One of my vegetable garden areas has low organic matter. I would like to help it with a grass winter cover. The two I am looking at are oats and rye, both of which grow all winter and get plowed under in spring. My question is, which one is better for poor soil? I know they both grow well in my area.

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    Bonus answer: if you spread about 1" of manure (whatever is freely available to you locally: horse, pig, cow) in the fall just before you seed the cover crop, it will help it grow more vigorously. The cover crop will capture the nitrogen and phosphorus (which might otherwise leach away). The manure gets the winter to mellow a little bit, and you'll incorporate the whole thing in the spring prior to planting. It does wonders for a "poor soil vegetable garden".
    – bstpierre
    Feb 13, 2012 at 19:20

1 Answer 1


I think the answer depends on more factors than what you've provided in the question -- especially your specific goals, but I can lay out the considerations I would make in choosing between the two.

According to a UVM factsheet, rye can add 5 tons of organic matter per acre. I like rye because the seed is cheap, it germinates quickly and reliably, you can start it late, it catches reliably, it always survives the winter, and it goes like gangbusters when the snow melts in spring. The only real downsides I can think of are (a) it is so vigorous it can be challenging to till under in the spring, and (b) it is allelopathic so you can't sow seeds for a couple of weeks after tilling.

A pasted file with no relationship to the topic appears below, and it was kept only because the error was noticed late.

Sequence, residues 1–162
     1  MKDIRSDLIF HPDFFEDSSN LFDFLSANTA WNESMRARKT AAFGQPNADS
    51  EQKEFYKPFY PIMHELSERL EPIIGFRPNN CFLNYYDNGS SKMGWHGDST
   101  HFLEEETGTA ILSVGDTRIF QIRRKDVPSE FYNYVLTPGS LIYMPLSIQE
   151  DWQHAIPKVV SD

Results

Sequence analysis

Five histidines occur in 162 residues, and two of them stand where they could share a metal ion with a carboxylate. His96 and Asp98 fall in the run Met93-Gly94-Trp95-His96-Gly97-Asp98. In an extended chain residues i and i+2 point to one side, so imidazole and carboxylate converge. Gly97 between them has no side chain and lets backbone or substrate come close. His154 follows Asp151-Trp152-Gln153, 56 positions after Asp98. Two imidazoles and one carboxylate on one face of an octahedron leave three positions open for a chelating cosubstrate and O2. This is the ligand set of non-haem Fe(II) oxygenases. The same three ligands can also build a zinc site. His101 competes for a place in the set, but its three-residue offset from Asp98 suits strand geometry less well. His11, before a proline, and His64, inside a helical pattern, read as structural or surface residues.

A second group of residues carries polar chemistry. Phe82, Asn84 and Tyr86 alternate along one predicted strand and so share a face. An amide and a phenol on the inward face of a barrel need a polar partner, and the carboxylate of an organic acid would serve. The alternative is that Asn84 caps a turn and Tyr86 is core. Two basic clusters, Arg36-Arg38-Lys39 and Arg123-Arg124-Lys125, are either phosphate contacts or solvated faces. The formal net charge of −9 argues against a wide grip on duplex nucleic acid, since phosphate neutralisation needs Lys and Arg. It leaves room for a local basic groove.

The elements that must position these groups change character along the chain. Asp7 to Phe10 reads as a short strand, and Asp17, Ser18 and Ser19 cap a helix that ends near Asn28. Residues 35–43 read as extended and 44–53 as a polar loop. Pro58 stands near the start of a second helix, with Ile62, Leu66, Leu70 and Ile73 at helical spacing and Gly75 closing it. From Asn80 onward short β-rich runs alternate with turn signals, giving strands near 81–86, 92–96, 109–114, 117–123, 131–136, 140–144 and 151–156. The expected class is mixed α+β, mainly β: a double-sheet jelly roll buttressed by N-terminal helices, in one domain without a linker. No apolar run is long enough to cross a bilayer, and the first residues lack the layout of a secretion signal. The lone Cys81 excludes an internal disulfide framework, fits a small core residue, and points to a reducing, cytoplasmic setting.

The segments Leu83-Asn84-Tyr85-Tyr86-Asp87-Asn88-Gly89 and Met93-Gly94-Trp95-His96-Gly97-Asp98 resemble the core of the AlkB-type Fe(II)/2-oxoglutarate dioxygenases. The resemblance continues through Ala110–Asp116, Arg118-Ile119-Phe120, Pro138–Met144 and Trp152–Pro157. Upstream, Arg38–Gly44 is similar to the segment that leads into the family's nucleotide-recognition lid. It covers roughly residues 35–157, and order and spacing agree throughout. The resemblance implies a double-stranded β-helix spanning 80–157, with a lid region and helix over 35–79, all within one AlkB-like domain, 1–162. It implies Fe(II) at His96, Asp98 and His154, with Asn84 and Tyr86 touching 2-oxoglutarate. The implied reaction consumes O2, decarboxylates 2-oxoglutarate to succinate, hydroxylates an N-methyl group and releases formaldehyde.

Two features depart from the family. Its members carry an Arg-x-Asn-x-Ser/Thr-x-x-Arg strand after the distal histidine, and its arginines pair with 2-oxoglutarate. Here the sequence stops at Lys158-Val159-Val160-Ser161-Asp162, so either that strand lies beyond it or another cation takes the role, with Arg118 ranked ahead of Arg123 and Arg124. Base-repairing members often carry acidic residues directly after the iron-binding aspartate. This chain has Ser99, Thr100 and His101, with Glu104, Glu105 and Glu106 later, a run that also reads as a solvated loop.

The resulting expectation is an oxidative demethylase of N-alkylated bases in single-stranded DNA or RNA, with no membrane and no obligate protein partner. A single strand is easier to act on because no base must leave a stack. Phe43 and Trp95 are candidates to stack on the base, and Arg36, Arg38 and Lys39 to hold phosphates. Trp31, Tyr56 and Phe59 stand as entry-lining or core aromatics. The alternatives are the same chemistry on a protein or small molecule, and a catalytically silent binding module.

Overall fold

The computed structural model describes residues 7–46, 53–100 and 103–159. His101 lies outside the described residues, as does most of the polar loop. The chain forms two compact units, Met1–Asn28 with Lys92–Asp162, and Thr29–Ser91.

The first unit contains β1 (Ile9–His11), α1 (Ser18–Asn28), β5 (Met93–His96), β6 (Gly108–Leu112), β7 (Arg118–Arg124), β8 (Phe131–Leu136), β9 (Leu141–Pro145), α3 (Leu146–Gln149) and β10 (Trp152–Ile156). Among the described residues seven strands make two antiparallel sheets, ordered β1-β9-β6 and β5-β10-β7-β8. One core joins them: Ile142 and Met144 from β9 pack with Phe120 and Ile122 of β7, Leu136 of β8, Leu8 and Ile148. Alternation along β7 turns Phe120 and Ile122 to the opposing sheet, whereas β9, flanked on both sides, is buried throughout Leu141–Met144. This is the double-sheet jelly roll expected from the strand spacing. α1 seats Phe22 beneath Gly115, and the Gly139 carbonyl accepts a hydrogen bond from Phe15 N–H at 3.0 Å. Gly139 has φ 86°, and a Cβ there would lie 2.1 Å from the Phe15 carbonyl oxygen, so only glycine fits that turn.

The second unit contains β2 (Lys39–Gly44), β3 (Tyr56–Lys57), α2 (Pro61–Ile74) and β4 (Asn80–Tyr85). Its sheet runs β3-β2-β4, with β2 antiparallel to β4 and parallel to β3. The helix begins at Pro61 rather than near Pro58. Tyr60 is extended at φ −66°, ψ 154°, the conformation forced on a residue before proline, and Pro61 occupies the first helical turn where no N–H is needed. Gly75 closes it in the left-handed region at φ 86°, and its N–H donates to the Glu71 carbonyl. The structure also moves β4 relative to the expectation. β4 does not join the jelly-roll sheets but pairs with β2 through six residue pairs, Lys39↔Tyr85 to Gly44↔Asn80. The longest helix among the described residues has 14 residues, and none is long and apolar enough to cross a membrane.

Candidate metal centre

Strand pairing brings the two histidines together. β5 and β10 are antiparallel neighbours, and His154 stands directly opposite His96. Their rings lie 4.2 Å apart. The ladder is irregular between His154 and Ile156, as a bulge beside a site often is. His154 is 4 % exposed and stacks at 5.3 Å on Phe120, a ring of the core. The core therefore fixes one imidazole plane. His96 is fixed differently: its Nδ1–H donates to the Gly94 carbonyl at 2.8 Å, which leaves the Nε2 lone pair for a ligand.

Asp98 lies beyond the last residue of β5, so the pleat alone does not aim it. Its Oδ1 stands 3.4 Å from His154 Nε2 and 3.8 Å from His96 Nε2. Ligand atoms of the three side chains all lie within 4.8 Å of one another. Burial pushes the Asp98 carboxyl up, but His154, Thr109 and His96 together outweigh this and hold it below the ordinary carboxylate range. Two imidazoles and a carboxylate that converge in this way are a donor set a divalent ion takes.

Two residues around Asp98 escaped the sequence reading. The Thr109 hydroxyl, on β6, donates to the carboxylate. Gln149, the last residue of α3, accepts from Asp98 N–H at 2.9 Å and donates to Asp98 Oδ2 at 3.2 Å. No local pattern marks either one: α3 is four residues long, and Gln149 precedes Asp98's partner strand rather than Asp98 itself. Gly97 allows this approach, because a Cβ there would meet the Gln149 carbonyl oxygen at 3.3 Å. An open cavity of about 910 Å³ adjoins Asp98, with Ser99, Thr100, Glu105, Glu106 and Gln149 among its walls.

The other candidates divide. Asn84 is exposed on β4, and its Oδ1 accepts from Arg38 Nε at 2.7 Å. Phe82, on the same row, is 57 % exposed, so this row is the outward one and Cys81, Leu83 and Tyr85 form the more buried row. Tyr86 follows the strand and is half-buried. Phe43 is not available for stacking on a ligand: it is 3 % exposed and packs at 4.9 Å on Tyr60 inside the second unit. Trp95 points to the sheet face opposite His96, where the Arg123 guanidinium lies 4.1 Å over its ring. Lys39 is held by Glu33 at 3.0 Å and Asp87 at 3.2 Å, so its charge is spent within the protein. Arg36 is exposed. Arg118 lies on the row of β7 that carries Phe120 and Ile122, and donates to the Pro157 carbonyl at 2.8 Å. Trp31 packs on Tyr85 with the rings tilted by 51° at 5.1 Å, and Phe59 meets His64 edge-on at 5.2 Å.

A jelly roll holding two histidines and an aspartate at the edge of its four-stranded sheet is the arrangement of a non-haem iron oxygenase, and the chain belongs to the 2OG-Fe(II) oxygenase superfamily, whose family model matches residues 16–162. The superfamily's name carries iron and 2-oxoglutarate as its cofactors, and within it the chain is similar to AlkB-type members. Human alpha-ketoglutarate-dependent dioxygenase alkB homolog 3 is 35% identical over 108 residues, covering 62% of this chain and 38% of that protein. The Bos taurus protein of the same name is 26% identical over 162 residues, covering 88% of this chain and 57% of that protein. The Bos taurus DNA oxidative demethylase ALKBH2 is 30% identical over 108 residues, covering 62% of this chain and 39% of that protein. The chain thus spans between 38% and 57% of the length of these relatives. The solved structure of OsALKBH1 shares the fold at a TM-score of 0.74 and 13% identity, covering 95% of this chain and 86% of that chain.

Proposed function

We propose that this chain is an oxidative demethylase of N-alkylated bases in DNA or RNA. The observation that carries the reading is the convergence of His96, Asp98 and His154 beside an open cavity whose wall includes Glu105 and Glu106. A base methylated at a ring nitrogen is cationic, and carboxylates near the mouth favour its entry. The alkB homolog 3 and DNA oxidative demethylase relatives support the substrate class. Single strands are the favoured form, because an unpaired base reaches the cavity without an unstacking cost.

I have less experience with oats -- and none as a winter cover crop, only spring seeded. According to a SARE document, oats can add 1-2 tons per acre with fall seeding. Locally for me, oat seed is less available than rye. Also for me, oats will reliably winter kill, which means it would need to be started earlier in the fall -- but it also would be easier to incorporate in spring. Oats also have allelopathic properties; I think winterkilled oats won't cause problems in the spring. Because of the allelopathy, you should wait 3 weeks (according to SARE) before planting after tilling the oats under.

Either cover crop makes a good nitrogen trap -- "soaking up" excess nitrogen left in the soil following the previous main crop and storing it for the following season. They both do a good job of smothering weeds.

The SARE document on oats linked above mentions in "Comparative Notes" at the bottom:

[Compared to Oats,] Rye grows more in fall and early spring, absorbs more N and matures faster, but is harder to establish, to kill and to till than oats.

So I guess if you've got a good rototiller and are willing to work at tilling it under in the spring, rye would be my recommendation.

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